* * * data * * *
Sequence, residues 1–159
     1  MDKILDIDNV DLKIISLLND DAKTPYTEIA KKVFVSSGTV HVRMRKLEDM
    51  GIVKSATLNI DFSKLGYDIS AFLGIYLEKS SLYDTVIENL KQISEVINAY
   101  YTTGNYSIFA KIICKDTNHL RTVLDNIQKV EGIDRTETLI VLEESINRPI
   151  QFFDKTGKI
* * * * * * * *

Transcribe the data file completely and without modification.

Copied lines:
Sequence, residues 1–159
     1  MDKILDIDNV DLKIISLLND DAKTPYTEIA KKVFVSSGTV HVRMRKLEDM
    51  GIVKSATLNI DFSKLGYDIS AFLGIYLEKS SLYDTVIENL KQISEVINAY
   101  YTTGNYSIFA KIICKDTNHL RTVLDNIQKV EGIDRTETLI VLEESINRPI
   151  QFFDKTGKI